The SSWG members can correct me, but my general understanding of the purpose of each phase is:
"Hey, I have this project (idea), here's an outline of the API, here's it's goals/non-goals, what does everyone think and what would be your use cases you'd like to be able to use it for?"
"Ok, here's a working version of the code and here's proof it works as spelled out. Here's the explicit goals/non-goals after accounting for feedback from pitch phase."
Proposal Review from SSWG
"This is useful to the server-side ecosystem, and based on the project's quality metrics (CI, test coverage, contributors, etc.) we feel it's mature as a [sandbox | incubating | graduated] project in the SSWG Index"
Fortunately the SSWG wasn't just founded, but even the fancy current iteration is almost 4 years old now. There is some solid understanding on what it and its model of working accomplished.
It clearly turned some initial excitement about the Swift on Server idea, driven by the truly excellent SwiftNIO, into a runaway success, not.
Yes, - outside of Apple - a few hobbyists and some indy devs, are using it (myself included), but ick, it's not an option considered by any regular business, such don't really even know about it since IBM quit it.
Interest in Swift on Server has never been lower.
Personally I think a reason is that the goals of Apple itself are too disconnect to the goals of a larger, potential "Swift on Server" community (fair!).
Apple's interest is in extremely high perf / HA servers (iCloud etc) and SwiftNIO is very good for this particular thing (Rust setups likely are the more reasonable choice for anyone but Apple in that space).
But that is nothing most people do and expect from server frameworks in the first place. Apple has so little interest in that domain that Xcode doesn't get the required bits, but the SSWG rather pushes VSCode to workaround that. Async/await? Not supported in NIO.
I really don't want to be mean, but honestly, the only thing the SSWG did in years is deal with themselves. It just exists to exist. Apple people do what Apple people want to do (or not).
I highly doubt you'll find someone saying that he chose package XYZ because it was recommended by the SSWG, let alone use SoS () in the first place.
Not sure how to make it better (if I'm honest I think the case is pretty much lost), but maybe opening up a little more would be a rather wise choice.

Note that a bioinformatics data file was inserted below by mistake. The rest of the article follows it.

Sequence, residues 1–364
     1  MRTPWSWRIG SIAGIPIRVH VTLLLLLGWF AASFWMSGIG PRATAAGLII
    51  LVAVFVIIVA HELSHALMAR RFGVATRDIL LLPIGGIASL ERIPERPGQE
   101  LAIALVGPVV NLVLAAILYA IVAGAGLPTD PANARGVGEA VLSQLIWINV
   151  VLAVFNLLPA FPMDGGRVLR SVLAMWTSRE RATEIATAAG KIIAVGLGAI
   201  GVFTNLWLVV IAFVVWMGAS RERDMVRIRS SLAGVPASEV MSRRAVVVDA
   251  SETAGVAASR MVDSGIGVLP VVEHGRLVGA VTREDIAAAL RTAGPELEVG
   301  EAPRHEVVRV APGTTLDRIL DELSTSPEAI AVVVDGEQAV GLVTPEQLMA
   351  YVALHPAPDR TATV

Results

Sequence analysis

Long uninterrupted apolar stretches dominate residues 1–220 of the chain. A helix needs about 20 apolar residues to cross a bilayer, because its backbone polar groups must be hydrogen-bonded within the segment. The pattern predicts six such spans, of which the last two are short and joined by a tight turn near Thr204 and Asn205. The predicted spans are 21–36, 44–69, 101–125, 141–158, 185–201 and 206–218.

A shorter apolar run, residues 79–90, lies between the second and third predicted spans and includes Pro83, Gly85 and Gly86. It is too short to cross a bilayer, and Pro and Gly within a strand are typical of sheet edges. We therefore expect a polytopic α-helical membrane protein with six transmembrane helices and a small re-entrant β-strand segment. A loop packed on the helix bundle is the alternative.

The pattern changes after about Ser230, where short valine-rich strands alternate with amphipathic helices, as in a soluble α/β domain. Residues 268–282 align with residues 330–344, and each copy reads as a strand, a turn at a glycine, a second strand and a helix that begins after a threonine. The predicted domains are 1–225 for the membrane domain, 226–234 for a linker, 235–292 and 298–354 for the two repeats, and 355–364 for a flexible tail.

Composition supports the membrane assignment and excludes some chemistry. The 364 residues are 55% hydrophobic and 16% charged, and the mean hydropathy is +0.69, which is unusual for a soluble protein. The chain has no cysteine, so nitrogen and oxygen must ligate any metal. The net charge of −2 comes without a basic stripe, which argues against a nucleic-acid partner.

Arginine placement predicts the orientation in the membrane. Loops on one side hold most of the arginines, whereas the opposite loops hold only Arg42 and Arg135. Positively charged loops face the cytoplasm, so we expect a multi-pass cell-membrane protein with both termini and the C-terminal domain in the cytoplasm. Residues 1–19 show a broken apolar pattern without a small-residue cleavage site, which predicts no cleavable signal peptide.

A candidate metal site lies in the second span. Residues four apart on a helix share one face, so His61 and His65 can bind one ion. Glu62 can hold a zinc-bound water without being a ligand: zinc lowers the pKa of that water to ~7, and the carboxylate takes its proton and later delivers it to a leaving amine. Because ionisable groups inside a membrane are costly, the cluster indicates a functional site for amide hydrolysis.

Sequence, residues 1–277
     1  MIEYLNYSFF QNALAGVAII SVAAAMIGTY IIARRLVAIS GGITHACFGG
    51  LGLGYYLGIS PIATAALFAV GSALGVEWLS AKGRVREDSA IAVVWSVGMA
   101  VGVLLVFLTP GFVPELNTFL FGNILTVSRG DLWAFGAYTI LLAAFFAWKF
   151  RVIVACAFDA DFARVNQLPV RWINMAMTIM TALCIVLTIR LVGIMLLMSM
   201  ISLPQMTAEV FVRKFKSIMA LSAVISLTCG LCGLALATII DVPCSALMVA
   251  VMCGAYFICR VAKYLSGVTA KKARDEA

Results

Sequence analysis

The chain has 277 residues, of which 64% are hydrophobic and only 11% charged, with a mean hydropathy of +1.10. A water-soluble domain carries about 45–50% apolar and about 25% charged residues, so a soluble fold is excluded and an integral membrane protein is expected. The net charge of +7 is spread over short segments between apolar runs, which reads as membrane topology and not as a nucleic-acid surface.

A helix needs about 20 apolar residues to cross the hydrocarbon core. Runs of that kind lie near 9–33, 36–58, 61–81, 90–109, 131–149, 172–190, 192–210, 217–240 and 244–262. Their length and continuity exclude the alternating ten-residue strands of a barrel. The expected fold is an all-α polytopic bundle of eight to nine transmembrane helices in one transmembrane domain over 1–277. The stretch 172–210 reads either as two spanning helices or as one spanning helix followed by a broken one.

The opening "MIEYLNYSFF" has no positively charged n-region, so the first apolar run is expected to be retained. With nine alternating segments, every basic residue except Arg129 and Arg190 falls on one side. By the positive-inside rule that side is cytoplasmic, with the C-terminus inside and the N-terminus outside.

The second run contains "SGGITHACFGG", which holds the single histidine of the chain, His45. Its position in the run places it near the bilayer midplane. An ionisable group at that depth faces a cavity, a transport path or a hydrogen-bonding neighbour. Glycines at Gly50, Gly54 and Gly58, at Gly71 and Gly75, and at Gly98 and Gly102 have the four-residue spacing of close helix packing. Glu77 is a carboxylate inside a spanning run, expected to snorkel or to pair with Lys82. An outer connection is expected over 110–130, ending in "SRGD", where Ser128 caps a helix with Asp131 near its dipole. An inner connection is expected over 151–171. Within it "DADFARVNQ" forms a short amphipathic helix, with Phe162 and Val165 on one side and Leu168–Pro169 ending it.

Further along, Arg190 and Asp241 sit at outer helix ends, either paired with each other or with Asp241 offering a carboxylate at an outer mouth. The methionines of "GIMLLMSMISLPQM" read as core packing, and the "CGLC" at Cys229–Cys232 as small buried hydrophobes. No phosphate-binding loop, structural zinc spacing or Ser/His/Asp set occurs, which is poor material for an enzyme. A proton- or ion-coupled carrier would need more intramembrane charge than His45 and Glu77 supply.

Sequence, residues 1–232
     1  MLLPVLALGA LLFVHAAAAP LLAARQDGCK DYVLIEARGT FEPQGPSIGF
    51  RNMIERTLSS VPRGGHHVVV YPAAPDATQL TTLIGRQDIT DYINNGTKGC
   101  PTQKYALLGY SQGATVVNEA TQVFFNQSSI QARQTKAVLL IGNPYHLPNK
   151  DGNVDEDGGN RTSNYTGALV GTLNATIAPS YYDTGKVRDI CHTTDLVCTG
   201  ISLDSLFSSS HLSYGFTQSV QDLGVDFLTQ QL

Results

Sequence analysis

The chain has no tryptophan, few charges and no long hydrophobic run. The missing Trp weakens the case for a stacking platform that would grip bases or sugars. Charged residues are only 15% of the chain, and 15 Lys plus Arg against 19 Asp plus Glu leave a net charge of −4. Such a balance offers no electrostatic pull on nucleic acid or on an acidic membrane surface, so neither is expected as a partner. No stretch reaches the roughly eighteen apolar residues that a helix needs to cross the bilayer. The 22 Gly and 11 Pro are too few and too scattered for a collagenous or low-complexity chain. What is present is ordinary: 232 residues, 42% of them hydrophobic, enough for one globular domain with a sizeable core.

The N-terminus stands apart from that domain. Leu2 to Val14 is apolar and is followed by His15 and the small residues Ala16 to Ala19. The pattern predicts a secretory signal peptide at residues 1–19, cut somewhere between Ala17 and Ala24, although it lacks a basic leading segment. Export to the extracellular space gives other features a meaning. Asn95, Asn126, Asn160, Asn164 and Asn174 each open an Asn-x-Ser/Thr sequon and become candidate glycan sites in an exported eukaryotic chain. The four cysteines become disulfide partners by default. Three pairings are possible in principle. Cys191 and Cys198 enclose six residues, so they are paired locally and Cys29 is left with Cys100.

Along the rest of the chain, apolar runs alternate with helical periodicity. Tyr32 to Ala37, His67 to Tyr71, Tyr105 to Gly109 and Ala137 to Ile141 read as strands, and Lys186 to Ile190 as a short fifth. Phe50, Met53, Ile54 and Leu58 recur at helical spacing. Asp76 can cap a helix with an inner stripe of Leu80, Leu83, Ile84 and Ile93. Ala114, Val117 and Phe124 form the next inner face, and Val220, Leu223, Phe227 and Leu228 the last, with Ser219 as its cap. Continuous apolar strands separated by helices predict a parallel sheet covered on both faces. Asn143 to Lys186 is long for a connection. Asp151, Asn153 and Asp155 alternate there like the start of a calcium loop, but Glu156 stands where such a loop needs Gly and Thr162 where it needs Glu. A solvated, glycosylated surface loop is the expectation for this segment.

I keep seeing this thrown around, but I just don't see it that way.
Since the beginning Vapor has had at least 50% representation on the committee, and today Vapor and Apple each only have ~30%. That ignores what MongoDB is trying to push for, and everything Amazon has been working on this year.
From what I've seen in the "slowdown" in momentum compared to say 2-3 years ago is Swift's concurrency support is highly disruptive (in a good way) in this space and some pieces are still waiting (custom executors for actors) before we'll likely see another explosion in momentum of development
I mean that's something Apple people literally said in a Slack a while ago.
If you are cool with that, that is perfectly fine. It's not much different w/ Swift in general IMO. I'm also quite happy with Apple developing NIO and giving that away, it is a great piece of software doing a lot of the unpleasant hard work. Thumbs up for that.
I don't have scientific measurements by American scientists, but I think there is no "slowdown" of momentum, but a collapse, and that started at least 2 years ago, probably earlier.
Async/await could have been something reigniting interest (though yet another API rewrite). We'll see what 22 brings.
Perhaps this kind of defeatist attitude doesn't help?
I occasionally take a look at the r/swift subreddit, and it's not uncommon that I see people asking about Swift for servers or Linux development.
Here's one from 1 day ago, asking how to deploy a Vapor project. Lots of responses from people apparently doing the same. Here's another one from 19 hours ago, looking for help developing a backend service in Swift. Here's yet another from a couple of weeks ago, asking about Vapor and React integration.
Unfortunately, another thing that I see fairly often is people actively discouraging other developers from even trying Swift, basically calling them idiots for even attempting to use it on a non-Apple platform.
There are lots of very talented developers putting in a huge amount of effort not just to fix bugs, but also make improvements (like language-integrated concurrency, or a first-class VSCode extension), and make Swift a great language for any kind of task. But some parts of the community are just toxic, full of people who lack vision and try to put down the people building things.
Why do you think I'm defeatist? I'm just looking at the situation after about 6? years.
It's not like I don't do any SoS, from Noze.io over Macro.swift, ZeeQL, or SwiftBlocksUI. Or infrastructure stuff Apple should be doing, like swift lambda or SPMDestinations.
It is cool that people are still occasionally interested, but common!
I think "Taylor" hit a point here. The popular infrastructure pieces never(?) got produced by "working groups". It was small devs and if they hit a point the users liked, they grew. Maybe Apple should find a way to push such (though as mentioned, interest seems to be low, as shown by Xcode support).